Once fall cultivation is addressed/ planned, overseeding should be addressed. Overseeding in conjunction with the cultivation can added effectiveness to both practices. When preparing to overseed, consider a few different things:
New genetics in fescue, Kentucky bluegrass, and ryegrass are changing what is possible for fields and overseeding. Fast germination, increased aggressiveness for spreading and filling in, and stronger roots for establishment and quicker playability all exist. Also lowering demands for dark green color is being replaced with an appreciation for aggressiveness and durability unlike ever before. All lead to a new world for seeding. For an example, consult SportsTurf.com online and read the July article by Ms. Julie Adamski about a Kentucky bluegrass field that went from seed to play in 35 days. From Seeding to Play in 35 Days. That feat has provided an example and confidence for grass field managers exploring using new seed varieties.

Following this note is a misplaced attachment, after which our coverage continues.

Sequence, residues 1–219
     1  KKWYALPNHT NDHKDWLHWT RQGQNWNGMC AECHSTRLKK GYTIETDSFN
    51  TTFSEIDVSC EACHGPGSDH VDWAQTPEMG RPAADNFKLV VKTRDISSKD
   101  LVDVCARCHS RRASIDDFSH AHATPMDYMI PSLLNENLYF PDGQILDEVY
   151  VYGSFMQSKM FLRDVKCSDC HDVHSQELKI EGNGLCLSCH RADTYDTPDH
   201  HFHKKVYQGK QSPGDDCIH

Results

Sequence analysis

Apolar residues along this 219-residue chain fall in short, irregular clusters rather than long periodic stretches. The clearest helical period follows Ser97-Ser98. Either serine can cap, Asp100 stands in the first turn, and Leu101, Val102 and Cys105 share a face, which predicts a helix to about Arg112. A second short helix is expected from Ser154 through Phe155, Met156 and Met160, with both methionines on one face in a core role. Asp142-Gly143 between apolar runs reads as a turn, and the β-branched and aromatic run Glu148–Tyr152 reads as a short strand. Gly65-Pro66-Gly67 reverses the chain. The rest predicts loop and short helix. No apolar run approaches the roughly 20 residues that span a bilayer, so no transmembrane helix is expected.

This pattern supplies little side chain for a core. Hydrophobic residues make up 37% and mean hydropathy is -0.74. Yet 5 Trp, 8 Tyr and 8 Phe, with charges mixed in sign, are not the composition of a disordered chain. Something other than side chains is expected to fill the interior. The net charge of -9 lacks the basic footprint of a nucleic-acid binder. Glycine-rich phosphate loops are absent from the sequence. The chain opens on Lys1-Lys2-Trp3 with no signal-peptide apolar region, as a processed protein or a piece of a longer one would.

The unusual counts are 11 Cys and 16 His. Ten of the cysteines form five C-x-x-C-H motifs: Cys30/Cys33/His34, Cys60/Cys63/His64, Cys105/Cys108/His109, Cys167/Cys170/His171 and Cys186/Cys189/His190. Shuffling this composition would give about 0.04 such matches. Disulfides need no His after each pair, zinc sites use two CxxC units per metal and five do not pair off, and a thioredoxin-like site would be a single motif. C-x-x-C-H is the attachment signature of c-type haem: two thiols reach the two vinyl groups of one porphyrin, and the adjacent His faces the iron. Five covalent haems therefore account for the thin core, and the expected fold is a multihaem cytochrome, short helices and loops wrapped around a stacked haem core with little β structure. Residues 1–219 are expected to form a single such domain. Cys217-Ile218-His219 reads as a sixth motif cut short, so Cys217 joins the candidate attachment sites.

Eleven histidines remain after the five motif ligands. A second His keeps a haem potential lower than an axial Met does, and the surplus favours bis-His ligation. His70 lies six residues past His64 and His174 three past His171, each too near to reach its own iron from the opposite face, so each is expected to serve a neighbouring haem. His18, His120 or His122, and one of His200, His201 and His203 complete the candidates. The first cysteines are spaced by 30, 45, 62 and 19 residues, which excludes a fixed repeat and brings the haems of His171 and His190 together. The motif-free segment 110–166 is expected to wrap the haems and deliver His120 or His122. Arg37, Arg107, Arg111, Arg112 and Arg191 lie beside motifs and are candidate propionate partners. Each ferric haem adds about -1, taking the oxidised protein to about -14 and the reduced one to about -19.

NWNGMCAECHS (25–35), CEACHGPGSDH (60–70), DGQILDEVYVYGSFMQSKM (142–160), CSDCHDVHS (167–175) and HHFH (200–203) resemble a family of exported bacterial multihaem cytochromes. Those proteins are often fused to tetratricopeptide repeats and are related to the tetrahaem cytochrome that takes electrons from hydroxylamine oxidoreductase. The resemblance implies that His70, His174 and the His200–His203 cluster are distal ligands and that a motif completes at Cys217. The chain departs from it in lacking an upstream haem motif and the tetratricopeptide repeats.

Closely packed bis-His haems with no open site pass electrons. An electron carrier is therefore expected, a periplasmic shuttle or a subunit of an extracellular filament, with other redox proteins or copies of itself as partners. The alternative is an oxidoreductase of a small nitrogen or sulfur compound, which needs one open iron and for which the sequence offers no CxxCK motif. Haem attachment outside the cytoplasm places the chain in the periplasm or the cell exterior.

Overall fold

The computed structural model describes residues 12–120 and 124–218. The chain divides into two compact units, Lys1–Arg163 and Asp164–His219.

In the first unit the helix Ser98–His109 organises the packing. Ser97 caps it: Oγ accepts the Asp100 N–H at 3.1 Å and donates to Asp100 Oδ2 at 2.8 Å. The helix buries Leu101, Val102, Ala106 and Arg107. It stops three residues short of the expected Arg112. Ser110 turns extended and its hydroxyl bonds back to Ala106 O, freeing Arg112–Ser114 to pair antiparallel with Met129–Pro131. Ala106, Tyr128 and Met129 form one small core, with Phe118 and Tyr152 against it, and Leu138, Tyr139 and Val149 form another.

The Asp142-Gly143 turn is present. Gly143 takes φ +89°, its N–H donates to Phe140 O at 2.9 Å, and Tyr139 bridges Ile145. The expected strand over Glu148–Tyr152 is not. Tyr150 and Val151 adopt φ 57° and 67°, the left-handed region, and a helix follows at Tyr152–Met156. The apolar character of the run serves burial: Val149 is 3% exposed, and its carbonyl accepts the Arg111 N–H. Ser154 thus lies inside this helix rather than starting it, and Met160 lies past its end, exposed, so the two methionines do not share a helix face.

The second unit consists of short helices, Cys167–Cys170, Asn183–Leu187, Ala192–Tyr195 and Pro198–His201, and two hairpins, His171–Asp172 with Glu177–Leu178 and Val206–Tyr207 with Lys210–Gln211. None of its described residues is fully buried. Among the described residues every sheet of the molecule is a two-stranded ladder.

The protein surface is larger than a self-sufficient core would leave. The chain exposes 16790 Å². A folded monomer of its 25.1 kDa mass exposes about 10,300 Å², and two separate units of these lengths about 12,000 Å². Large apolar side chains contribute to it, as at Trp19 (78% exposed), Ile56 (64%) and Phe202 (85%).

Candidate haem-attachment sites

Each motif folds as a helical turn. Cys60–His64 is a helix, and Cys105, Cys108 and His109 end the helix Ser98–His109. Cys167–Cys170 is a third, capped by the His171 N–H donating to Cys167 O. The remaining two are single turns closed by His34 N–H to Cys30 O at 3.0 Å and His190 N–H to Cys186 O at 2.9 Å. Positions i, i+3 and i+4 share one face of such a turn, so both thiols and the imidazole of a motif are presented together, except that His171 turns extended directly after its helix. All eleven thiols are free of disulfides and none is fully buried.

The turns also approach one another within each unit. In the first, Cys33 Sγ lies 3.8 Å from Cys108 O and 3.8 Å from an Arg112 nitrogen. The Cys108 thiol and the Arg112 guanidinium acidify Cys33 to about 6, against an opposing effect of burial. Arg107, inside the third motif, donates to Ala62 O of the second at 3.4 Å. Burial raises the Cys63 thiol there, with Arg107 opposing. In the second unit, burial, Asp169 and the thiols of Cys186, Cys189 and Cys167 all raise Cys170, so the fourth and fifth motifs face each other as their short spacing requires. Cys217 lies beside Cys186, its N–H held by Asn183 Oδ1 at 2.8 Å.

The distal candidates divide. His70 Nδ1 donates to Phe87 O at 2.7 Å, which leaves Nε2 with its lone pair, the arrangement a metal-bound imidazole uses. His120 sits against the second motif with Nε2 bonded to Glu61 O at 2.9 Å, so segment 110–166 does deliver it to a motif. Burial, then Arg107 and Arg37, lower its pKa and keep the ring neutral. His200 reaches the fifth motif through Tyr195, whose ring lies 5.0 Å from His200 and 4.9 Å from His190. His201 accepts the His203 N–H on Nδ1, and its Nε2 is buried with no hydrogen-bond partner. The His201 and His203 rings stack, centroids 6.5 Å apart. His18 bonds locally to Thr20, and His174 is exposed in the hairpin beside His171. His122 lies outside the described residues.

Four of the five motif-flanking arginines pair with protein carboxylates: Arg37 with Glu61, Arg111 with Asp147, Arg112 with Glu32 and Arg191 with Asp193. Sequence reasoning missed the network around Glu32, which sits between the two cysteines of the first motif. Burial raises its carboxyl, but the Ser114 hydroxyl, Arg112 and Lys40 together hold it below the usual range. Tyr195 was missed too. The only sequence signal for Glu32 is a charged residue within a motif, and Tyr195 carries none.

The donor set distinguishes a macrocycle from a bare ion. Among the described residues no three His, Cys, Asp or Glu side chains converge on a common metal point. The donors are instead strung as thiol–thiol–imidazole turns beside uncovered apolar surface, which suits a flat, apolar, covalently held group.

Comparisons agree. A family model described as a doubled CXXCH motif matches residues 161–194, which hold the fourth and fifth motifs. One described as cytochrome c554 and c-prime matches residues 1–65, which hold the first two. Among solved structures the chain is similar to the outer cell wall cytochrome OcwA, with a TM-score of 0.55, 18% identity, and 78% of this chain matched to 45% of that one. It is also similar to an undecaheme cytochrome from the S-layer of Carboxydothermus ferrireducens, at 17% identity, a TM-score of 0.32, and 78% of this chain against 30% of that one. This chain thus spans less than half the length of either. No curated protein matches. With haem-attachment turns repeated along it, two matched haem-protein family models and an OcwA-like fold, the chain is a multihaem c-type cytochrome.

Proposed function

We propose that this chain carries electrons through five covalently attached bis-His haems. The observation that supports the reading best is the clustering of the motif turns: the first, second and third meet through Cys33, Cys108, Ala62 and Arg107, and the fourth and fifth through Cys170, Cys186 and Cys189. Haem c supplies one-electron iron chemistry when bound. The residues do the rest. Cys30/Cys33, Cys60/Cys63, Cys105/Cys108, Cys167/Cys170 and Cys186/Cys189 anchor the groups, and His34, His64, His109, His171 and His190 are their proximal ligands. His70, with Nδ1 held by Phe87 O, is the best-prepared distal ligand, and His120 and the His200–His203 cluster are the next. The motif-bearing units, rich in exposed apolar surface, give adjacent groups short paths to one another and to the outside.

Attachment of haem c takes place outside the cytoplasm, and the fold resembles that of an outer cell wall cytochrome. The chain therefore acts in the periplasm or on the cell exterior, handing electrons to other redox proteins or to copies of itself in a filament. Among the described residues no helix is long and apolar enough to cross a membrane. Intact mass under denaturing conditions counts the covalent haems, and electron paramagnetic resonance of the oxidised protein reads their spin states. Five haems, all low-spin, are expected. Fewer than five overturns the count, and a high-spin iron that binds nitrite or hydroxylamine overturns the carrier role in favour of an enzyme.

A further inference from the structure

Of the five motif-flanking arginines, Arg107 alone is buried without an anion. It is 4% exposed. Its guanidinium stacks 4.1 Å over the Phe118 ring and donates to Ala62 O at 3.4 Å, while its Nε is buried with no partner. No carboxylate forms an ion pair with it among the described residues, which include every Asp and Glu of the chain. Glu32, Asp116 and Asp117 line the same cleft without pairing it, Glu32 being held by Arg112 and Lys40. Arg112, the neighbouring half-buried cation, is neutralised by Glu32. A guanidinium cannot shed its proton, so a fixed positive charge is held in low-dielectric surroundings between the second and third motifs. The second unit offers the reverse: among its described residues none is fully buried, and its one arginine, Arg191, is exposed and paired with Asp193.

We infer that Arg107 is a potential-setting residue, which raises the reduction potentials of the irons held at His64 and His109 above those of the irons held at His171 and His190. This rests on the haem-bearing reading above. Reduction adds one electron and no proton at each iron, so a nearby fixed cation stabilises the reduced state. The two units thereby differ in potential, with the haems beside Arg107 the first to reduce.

Additionally, the genetic improvements now make fescue and ryegrass capable of existing on high traffic fields together, in with Kentucky bluegrass, or even on their own. No longer do grass field managers have to hold their breath during disease stress times with these varieties. Do your homework on what is available from the seed companies you have existing relationships with, but consider possibly branching outside those relationships as well to find what is working for others. Keep in mind with seed; the old proverb “you get what you pay for” is 100% true.
Seed to Soil Contact
When seeding, no matter the variety you select, seed to soil contact is important. Soil contact ensures the seed is not sitting in the thatch layer or laying on top of the ground where is could dry out quickly or struggle to push roots down into the soil. There are a few different options for overseeding to will help promote seed to soil contact.